• Measures should be put in place to combat this disease.
• Most people who get infected with poliovirus will not have any visible signs
Every year on October 24, the world marks International Polio Day. Kenya will be among the countries commemorating this day, to raise awareness on the polio vaccination to eradicate it.
According to World Health Organization , polio is a highly infectious deliberating disease, which is mostly vulnerable to children under the age of five years. Kenya last reported polio in 2013, when an outbreak in Somalia led to an eventual importation of 14 cases to the country.
Kenya and the Horn of Africa region, according to WHO, continue to be at high risk of polio due to low immunisation coverage, magnified by population movement. So today being World Polio Day, measures should be put in place to combat this disease. Polio is caused by poliovirus, a virus that spreads from one person to another typically through contaminated water, coughing and even through infected faeces, according to the Ministry of Health.
Most people who get infected with poliovirus will not have any visible signs for about 95 per cent of the cases. That is why frequent vaccination is recommended mostly for vulnerable groups. The Ministry of Health together with WHO lists major signs and symptoms of polio as fever , headache, vomiting, stiffness in the back or neck, muscle weakness and stiffness in the arms or legs.
WHO and experts say paralysis is the most severe symptom associated with poliovirus because it can lead to permanent disability through bone deformations. It can also lead to premature deaths. One in 200 infected people face the risk of permanent paralysis.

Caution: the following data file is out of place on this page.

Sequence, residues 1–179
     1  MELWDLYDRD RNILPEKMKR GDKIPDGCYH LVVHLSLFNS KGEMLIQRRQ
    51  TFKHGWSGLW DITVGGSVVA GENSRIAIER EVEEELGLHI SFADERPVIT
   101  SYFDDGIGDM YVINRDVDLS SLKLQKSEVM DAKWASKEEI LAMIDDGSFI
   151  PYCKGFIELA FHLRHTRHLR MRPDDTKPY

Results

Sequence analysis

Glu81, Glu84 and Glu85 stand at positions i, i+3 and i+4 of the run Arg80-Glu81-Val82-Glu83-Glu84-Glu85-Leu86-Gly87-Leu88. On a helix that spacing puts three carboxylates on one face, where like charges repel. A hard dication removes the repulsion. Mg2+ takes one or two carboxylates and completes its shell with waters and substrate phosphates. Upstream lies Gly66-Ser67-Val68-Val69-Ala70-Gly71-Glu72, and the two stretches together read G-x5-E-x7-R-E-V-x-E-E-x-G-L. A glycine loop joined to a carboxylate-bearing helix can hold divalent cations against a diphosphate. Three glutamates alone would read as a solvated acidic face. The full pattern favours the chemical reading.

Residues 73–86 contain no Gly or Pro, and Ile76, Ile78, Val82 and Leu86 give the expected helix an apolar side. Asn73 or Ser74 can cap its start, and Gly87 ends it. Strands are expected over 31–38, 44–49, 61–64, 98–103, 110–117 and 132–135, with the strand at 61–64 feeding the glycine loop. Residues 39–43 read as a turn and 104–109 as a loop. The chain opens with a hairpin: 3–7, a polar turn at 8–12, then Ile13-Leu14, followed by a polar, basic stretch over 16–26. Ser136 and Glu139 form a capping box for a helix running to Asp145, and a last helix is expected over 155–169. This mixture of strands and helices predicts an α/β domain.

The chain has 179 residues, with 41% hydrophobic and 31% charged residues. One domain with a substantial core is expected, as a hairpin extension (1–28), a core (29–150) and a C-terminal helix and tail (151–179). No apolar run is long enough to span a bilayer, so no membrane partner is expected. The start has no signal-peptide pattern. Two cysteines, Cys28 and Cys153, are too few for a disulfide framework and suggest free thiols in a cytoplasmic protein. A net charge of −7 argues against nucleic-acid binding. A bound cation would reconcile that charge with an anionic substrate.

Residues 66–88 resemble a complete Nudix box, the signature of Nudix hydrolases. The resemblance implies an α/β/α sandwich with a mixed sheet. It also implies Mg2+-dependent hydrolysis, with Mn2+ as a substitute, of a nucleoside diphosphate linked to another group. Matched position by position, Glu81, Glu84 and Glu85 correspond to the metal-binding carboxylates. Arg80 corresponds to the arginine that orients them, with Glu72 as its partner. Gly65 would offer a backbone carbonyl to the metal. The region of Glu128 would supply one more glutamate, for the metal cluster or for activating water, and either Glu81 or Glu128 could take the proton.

It is time for Kenya and the globe to deal with this public health concern for all so as to achieve 1988's World Health Assembly resolution of eradicating polio around the world. The fact that polio has no cure gives more reason why vaccination should be encouraged. It can be done through oral poliovirus vaccine and inactivated poliovirus vaccine given as an injection.
Polio vaccine protects children who are mostly vulnerable by preparing their bodies to fight the virus. So the Ministry of Health should conduct and continue conducting vaccination across the country so as to fight polio. It should also intensify surveillance activities to detect any circulation of poliovirus.
The government , health organizations and other concerned stakeholders should spread awareness about this illness for the public to be knowledgeable and be educated on the importance of vaccinating their children and learn of the physical signs.
Families and communities must ensure their children are vaccinated during the polio campaign period and through routine immunization. The Ministry of Health should also make access to healthcare services for children, especially under five years, so that can receive treatment to avoid of polio. Any visible signs of polio should be attended to by healthcare workers.
The SDGs cannot be achieved by Vision 2030, if Kenya and the world will not apply right framework to deal with this 'monster'. A healthy nation is absolutely a thriving nation.
Rodgers Otiso is a communication and media Student at Rongo University and writes health and human interest articles